"He literally says what he’s going to do," noted Levinson.

But did he really? Stockley's defense team, lead by attorney Neil Bruntrager, contend that the ex-officer never said those words. Bruntrager argued that it is impossible to know what Stockley was saying because the dashboard audio recording was drowned out by the multiple radio bands blaring inside the police SUV. Stockley's defense even requested that the judge prohibit the dashboard recordings from being entered into evidence, a request the judge ultimately rejected. (The dashboard recordings were first publicized and posted by the St. Louis Post-Dispatch last year. The audio is indeed very noisy and some of the in-car dialogue is difficult to make out. Even on multiple listens, it's not clear when Stockley says those precise words.)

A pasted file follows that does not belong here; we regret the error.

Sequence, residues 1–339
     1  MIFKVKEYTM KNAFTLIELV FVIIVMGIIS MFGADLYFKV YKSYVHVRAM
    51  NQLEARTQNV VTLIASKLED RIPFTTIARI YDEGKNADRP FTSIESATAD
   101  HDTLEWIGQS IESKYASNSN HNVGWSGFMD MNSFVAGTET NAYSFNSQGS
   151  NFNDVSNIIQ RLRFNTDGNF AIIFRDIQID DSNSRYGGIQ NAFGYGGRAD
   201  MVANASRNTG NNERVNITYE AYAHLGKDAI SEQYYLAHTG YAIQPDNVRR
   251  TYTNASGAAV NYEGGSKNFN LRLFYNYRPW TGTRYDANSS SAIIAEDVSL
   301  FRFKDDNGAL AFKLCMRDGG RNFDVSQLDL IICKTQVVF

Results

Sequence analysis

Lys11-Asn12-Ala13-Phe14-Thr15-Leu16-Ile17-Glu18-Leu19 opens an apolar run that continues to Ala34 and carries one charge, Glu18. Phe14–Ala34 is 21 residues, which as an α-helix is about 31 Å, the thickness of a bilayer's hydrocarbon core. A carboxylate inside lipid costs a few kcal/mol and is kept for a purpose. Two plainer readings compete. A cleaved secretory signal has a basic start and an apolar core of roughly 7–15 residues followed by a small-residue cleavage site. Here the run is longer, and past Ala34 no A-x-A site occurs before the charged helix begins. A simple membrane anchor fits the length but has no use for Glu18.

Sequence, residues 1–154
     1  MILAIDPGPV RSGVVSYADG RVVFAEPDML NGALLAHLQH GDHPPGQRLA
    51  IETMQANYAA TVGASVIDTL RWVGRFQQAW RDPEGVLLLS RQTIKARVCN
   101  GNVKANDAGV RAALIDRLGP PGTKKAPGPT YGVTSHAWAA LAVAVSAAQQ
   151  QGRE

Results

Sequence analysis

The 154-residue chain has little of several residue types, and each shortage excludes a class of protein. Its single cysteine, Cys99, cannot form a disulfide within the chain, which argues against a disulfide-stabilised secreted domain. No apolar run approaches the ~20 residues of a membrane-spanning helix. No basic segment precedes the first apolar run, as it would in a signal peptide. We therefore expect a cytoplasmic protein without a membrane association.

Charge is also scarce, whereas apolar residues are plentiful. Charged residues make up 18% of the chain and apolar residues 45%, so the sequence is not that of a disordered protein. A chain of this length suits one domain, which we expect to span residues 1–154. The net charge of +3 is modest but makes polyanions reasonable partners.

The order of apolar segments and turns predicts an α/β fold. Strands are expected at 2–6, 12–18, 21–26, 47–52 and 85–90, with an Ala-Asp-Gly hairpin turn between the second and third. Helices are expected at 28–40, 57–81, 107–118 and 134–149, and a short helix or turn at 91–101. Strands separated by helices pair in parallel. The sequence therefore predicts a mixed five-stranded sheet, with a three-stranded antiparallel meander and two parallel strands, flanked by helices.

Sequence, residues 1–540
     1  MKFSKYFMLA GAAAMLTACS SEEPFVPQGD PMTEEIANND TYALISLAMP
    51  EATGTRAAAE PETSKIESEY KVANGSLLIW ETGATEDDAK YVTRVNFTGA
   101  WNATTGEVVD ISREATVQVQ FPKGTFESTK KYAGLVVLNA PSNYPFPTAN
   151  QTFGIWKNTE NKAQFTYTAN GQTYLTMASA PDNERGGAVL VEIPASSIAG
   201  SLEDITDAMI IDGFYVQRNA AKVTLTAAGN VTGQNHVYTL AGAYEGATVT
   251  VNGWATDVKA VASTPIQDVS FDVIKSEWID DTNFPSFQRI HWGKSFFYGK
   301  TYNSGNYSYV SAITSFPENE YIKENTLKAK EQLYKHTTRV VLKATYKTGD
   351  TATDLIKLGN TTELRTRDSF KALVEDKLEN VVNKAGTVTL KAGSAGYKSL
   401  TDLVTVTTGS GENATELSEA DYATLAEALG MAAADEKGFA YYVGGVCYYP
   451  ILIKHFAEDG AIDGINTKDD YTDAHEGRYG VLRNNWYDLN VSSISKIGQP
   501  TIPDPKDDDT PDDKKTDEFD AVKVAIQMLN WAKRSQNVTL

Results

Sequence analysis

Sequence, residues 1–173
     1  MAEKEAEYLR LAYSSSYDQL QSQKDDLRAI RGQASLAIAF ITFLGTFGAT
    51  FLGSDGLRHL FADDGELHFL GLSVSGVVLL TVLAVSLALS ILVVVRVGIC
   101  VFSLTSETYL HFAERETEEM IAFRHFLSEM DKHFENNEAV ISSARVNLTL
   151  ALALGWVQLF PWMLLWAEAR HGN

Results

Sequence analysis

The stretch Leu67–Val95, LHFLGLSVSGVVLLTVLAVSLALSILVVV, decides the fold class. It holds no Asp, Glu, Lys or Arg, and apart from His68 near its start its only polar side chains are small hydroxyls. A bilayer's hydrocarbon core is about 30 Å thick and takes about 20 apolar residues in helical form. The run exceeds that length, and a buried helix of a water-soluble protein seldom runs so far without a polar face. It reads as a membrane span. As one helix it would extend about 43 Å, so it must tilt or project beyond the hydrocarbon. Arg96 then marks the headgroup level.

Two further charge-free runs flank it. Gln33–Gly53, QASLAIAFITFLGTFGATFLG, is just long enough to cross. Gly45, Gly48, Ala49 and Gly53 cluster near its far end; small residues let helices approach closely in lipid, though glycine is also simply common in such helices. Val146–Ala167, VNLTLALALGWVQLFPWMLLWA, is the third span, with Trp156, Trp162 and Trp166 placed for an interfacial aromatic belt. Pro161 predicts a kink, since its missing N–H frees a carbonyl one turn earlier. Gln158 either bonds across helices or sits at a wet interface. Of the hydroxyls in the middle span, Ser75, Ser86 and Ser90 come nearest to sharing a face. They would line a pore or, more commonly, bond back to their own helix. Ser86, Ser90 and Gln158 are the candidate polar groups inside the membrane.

Bruntrager also rejected prosecution claims that Stockley planted the gun or fired a "kill shot," which the attorney dismissed as a "magic bullet theory."

In Bruntrager's opening statement, he said that Smith was the "initial aggressor" responsible for creating a "violent encounter" that ended in his own death. Stockley and Bianchi both claim that they saw Smith's revolver at Church's Chicken, prior to the car chase.

"Stockley acted reasonably," Bruntrager said, "And it’s the state’s burden to show that it was not."

The trial continues today with additional witnesses and evidence. The case could take weeks before Judge Wilson is ready to issue his verdict.

Follow Danny Wicentowski on Twitter at @D_Towski. E-mail the author at Danny.Wicentowski@RiverfrontTimes.com